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Wine with Afghan food

Going out this weekend to a BYO Afghan restaurant. I've never had this cuisine. Any wine reccomendations that would compliment the seasonings used?

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  1. That's a pretty tough call. The tastes range from floral (like rose petals) to sweet citrus/raisins, to spicy /cumin, etc.

    Typically, I prefer a nice crisp cold beer, nothing too hoppy or malty, like a Heineken.

    I guess if I had to pick wines, I'd take a robust Pinot Noir, and an Alsatian Gew├╝rztraminer or Pinot Gris (fruity).

    Afghanis are Muslim, so alcohol is not native to their cuisine. If I wanted to be traditional, I suppose I'd just take a few hits of that gummy black Hashish before dinner, and drink tea with my meal ... <g>.

    1 Reply
    1. re: phillyjazz

      "a few hits of that gummy black Hashish before dinner...." and then say, "WINE???".... :))

    2. I've never specifically had an Afghan meal. I'll go out on a limb and suggest riesling with it... a kabinett.

      1. I was introduced to Seghesio Zinfandel (Sonoma) at an Afghan restaurant in San Francisco (Helmand). It went nicely with the heavy flavors of the food, and I assume it was on their wine list because people enjoy it with their meals.

        Seghesio quickly became my favorite red wine of 2006. And at about $17 retail, it's worth a try.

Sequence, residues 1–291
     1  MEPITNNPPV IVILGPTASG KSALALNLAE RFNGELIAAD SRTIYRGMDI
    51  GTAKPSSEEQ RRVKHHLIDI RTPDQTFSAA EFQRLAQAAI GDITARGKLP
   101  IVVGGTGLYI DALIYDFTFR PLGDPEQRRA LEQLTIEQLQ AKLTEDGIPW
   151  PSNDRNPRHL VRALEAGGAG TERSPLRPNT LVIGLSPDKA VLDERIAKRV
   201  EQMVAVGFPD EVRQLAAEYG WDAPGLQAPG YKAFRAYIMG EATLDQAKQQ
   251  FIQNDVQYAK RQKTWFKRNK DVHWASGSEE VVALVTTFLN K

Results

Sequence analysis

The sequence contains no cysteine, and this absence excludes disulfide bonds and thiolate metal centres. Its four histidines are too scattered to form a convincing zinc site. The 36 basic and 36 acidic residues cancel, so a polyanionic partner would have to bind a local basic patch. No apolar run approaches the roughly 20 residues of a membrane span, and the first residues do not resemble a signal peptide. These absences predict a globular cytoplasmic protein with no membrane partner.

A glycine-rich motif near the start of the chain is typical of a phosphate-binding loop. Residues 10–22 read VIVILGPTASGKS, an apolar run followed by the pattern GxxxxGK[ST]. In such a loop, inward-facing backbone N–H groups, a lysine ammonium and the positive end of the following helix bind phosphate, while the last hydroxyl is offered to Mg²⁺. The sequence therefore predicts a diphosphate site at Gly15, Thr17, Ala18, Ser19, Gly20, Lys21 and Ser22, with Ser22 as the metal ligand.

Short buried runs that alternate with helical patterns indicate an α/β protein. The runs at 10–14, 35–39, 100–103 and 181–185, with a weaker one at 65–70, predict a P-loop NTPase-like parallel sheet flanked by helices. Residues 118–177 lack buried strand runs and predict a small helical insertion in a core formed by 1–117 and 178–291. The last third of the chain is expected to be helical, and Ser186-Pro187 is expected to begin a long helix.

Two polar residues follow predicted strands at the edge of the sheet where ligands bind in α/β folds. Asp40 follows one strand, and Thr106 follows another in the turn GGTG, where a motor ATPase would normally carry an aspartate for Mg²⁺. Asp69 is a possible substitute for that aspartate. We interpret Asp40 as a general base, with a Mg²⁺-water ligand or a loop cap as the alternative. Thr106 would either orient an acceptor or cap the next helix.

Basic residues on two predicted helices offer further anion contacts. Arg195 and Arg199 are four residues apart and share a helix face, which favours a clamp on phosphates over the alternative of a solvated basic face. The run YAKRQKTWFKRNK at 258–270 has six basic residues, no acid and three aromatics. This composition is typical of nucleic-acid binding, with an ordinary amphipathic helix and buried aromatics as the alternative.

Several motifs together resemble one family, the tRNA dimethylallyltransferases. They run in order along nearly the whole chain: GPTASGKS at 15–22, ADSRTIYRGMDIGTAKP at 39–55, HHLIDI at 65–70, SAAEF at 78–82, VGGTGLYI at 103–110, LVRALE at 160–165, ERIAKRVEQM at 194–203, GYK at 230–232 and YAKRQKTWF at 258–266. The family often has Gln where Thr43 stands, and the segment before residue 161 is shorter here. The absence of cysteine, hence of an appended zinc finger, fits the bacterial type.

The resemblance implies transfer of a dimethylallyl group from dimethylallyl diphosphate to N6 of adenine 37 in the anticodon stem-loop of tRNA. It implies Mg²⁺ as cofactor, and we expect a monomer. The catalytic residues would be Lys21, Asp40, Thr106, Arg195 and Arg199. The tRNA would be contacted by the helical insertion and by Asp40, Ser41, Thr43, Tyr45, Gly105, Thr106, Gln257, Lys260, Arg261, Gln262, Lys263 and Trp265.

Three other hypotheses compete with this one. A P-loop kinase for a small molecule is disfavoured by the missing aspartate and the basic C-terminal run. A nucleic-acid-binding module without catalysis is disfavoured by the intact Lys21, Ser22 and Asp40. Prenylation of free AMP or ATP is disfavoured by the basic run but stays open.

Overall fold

1. Most of the Afghan food I've had is spicy but not particularly fiery. Lots of stewed meats (lamb and mutton mainly, some chicken) with onions and sometimes yogurt. Pilaf-style rice and pita/naan-like breads. Overall, closer to Persian cooking than Indian. Fruity soft inexpensive reds strike me as the best match, like those that can be found in southern France, Spain, Portugal, Sicily, northwest Africa...

          4 Replies
          1. re: carswell

            A simple riesling is good with all of this...

            1. re: Chicago Mike

              I disagree. Much as I adore Riesling, in my experience it doesn't work especially well with Afghan/Persian/Uighur/Sufi food. And I increasingly bridle at the knee-jerk association of it and Gewurzrtaminer with Asian and spicy dishes -- in some instances, yes, it's fine, but in plenty of others it makes no gastronomic sense at all. YMMV of course.

              1. re: carswell

                It's not a "knee jerk" reaction to pair riesling and gewurztraminer with spicy asian dishes... It's based on numerous real-world tastings.

                But of course that's a matter of personal palate. Perhaps you just don't find the combination appealing.

                1. re: Chicago Mike

                  Afghan dishes can be quite varied, and it depends on what the sauce and accompaniements are. A riesling such as a kabinett or even the drier Alsatian varieties would be nice against the spices like cumin, coriander and cardamom when there aren't fruity flavours in the dish (e.g. no dried fruit, tomato). Certain sauvignon blancs would also do well against the herbed rice dishes.

                  For those meat dishes that have more of a fruit component I don't think the riesling or other whites would be as effective. A shiraz/syrah might be nice, and the touch of their earthy finish can resonate with the smoky flavours from grilled meats (I have a soft spot for Rhones).

          2. Lots of lamb in Afghan cooking. A light red goes well...think beaujolais, pinot noir...

            1. Riesling works best with lighter fare...like seafood, veggies, etc, which runs through Asian food. While Afghanistan is in Asia, the culinary tradition is closer to Med. In that sense (generally) I'd order something that goes well with Greek food, a zin or shiraz could work well...but don't hold me to it.

              1. lots of lamb makes me think grenache or syrah. french though, australian would be too heavy.